Which one would you rather have? Learn how to maintain shrubs the right way in the desert garden in my popular shrub pruning workshop

Photo: Which one would you rather have? Learn how to maintain shrubs the right way in the desert garden in my popular shrub pruning workshop

  • Incorporate lower-growing plants such as groundcovers and succulents. A well-designed landscape has plants with varying heights, including those at ground level.  For the landscape above, I’d add a few boulders and plant some gopher plant (Euphorbia rigida) and twin-flower agave (Agave geminiflora) alongside them.  Other ideas for low-growing succulents include ‘Blue Elf’ aloe, Moroccan mound, and artichoke agave.  Flowering groundcovers would also look nice like angelita daisy (Tetraneuris acaulis), blackfoot daisy (Melampodium leucanthum), and sandpaper verbena (Glandularia rigida).  I like to use damianita, trailing lantana, and penstemon for color at lower heights.
Texas sage shrub with natural shape

Photo: Attractive desert landscape with room for plants to grow

Achieving a Balanced and Beautiful Landscape

Here is a snapshot of a landscape area at the Desert Botanical Garden where plants have room to grow. They grow into their natural shape and form.

Transforming the problematic landscape shown earlier, and others like it aren’t difficult, and the results are dramatic.  What a beautiful landscape filled with healthy plants that use less water and need little maintenance.

Are you tired of shapeless shrubs that look like green blobs? I invite you to learn more about how to prune the ‘right’ way. Attend my online Shrub Pruning Workshop.

DIY Natural Household Cleaner From Citrus Peels

Most of the time when you walk through a parking lot, you are often greeted by the appearance of islands scattered throughout overplanted with badly maintained shrubs. Last month, I drove into a parking lot that was quite unusual in that it was planted with attractive succulents and not ugly shrubs.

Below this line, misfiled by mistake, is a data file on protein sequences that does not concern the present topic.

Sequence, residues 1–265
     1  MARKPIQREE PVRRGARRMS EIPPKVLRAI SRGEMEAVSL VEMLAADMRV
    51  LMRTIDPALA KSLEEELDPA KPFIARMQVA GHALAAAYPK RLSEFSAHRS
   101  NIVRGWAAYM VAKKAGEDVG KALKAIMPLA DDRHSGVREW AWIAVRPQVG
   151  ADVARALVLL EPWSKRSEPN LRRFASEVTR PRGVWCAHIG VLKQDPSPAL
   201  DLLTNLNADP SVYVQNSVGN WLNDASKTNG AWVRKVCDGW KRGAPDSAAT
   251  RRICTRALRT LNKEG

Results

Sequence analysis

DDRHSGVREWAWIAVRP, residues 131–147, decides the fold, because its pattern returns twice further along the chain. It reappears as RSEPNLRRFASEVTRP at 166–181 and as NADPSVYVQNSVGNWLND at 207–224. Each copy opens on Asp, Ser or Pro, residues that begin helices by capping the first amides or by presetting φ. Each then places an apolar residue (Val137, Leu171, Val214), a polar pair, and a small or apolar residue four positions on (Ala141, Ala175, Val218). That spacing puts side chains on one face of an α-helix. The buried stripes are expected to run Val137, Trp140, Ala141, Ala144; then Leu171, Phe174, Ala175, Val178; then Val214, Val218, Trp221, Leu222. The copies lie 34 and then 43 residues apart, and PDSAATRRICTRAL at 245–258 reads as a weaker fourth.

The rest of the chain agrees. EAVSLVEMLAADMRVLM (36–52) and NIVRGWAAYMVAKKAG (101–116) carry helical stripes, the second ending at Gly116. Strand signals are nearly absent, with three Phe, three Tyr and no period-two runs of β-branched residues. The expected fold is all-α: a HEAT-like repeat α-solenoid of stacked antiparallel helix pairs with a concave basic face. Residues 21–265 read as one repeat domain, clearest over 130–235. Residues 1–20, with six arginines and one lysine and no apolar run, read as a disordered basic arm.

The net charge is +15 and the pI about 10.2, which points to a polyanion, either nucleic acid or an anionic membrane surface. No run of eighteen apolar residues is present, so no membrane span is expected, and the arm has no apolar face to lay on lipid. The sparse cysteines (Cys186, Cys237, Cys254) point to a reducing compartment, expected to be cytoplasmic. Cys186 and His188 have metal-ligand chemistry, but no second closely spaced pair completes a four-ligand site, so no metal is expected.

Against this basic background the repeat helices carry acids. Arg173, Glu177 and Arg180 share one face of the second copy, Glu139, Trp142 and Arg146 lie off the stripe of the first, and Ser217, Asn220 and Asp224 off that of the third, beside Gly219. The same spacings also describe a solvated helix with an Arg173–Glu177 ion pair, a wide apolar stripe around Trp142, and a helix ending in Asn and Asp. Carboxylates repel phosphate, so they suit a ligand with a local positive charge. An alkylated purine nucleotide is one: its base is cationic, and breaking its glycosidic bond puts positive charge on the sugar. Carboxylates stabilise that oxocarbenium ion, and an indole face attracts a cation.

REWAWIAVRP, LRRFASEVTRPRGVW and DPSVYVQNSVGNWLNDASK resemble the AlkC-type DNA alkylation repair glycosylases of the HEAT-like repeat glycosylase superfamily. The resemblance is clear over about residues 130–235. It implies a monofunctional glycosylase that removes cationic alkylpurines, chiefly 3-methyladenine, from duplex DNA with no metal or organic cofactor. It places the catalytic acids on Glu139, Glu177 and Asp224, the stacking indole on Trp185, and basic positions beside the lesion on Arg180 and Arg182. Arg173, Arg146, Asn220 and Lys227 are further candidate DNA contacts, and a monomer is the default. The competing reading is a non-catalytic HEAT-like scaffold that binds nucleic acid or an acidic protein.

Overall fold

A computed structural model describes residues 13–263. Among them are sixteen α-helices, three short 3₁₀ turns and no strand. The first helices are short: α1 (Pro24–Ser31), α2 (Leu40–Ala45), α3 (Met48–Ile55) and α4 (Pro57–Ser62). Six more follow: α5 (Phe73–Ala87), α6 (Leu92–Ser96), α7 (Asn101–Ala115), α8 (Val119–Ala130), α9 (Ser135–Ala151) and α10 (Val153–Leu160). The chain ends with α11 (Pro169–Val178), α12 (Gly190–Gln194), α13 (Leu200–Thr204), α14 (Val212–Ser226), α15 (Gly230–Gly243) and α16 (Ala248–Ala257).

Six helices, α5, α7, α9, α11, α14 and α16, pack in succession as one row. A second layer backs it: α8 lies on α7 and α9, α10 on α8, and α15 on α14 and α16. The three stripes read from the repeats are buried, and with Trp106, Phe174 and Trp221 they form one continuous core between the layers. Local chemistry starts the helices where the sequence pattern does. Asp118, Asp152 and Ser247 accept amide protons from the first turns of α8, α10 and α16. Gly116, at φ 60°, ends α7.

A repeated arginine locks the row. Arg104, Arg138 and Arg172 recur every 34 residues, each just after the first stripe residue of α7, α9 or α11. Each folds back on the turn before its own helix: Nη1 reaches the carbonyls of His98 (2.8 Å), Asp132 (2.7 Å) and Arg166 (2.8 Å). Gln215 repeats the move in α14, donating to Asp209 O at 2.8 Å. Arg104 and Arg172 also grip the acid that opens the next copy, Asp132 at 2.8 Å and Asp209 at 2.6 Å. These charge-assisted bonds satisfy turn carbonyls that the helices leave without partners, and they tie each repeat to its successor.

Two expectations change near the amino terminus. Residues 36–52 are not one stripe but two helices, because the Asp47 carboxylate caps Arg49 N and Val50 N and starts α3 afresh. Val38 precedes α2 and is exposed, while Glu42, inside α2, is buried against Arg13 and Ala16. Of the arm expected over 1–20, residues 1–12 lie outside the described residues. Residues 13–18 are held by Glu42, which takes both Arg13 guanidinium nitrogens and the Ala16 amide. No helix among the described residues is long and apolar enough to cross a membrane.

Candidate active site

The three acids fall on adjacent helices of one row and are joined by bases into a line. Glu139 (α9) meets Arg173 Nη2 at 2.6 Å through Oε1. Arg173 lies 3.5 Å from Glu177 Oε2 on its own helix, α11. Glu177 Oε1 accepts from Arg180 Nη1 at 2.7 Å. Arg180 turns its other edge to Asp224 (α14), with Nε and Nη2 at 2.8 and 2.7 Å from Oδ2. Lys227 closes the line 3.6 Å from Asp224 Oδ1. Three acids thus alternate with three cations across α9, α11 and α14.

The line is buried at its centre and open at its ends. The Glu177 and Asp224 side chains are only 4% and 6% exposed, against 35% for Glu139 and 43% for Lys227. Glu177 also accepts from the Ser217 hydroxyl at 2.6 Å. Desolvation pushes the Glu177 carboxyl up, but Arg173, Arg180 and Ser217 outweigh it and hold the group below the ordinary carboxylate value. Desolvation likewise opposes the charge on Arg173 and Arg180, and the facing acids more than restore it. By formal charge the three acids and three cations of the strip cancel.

Attractive Succulents

Attractive Succulents

Instead of shrubs, the medians were planted with beautiful agave specimens.

Euphorbia rigida

In addition to different types of agave, were gopher plant (Euphorbia rigida) succulents, which added a welcome respite to the crowded and over-pruned shrubs that usually characterize most parking lots.

Calliandra californica

In addition to the agave and other succulents were  flowering shrubs such as Baja fairy duster (Calliandra californica), which was allowed to grow into its natural shape.

attractive succulents

This parking lot was located in front of a hospital where my husband had an appointment for a routine procedure.  Our walk through the parking lot took twice as long as it would normally take with me pausing every few seconds to take pictures of the plants.

attractive succulents

It was so refreshing to see succulents such as these  in parking lot islands instead of struggling shrubs.  They thrive in the hot, reflected heat while needing very little water.

Maybe we should rethink what we plant in parking lot islands and ditch the high-maintenance, thirsty shrubs?

Plant Palette For New Landscape: Perennials and Succulents

Do you like red-flowering plants?

I do.

baja fairy duster

Many of the landscape plants in the southwestern landscape tend to be found in shades of purple and yellow.  As a result, I tend to include plants with red flowers whenever I create a design to help balance the purple and yellows in the plant palette.

Baja Fairy Duster (Calliandra californica) is one of my favorites because it has such unusual flowers.